Diving

Most in-ground home and hotel pools, even those equipped with diving boards, are not really safe for diving. This is especially true for adult  males, who are usually larger. The deep end in a residential or smaller motel or hotel pool is usually too shallow and short, and the diver can strike his head on the sloping surface of the pool that leads up toward the shallow end

 

 Diving injuries can result in quadriplegia—paralysis below the neck—to  divers who hit the bottom or side of a swimming pool, according to the U.S. Consumer Product Safety Commission. It's also the leading

sports-related cause of spinal cord injuries. More than 40 percent of spinal injuries caused by careless diving occur in backyard pools. (The Spruce)

  •  Know the minimum depths for diving

 

  • Above-ground pools are too shallow. Never dive into an  above-ground pool

  • Never dive or jump off the roof of a building

 

  • Never go head first down a slide into a pool

  • Never drink and dive.   Over half of diving injuries and death involve alcohol or  drug use

  • Don’t dive into the shallow end or from the side of a pool.  Always jump into the deepest part of the pool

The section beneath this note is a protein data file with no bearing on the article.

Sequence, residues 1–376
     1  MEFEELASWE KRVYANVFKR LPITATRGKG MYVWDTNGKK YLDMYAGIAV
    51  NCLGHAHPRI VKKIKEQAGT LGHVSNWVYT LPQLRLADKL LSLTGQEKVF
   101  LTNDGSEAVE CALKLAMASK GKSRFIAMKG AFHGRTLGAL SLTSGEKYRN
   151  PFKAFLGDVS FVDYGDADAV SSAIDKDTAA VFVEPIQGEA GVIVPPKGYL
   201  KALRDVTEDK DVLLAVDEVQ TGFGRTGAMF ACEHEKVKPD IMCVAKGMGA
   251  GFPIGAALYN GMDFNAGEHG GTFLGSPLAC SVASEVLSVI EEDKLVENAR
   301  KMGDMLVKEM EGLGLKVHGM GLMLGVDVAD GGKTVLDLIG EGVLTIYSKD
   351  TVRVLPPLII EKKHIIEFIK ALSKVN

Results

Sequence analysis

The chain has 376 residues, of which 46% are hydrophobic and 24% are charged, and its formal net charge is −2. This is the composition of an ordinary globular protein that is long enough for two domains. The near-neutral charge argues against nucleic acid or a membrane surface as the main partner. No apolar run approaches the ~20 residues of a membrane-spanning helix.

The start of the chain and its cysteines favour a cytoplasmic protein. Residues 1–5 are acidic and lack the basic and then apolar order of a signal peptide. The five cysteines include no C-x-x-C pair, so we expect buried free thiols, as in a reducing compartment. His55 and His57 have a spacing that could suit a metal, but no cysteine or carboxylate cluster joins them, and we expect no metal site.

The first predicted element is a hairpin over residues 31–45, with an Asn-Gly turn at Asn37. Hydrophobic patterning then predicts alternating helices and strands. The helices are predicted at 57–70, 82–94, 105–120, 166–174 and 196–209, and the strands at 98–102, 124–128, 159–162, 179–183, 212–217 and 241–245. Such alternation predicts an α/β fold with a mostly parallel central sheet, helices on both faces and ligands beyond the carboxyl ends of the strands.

•  Always wait until other divers or swimmers leave the diving area  before diving

 

  • “Look before you leap."

 

  • Never allow more than one person on a diving board at one time

 

  • Keep diving area and pool deck clean and free of toys or pool equipment

 

  • Keep your dive controlled. Never dive towards the shallow end of the pool

 

  • Dive off of the end of the diving board or diving platform. Do not dive off of the side

 

  •  Bounce only once. No running dives

  • Never hang on the board

 

Any questions or if you have additional information you think could be helpful to this page or drowning prevention in general, please do not hesitate to contact the Swim On Foundation.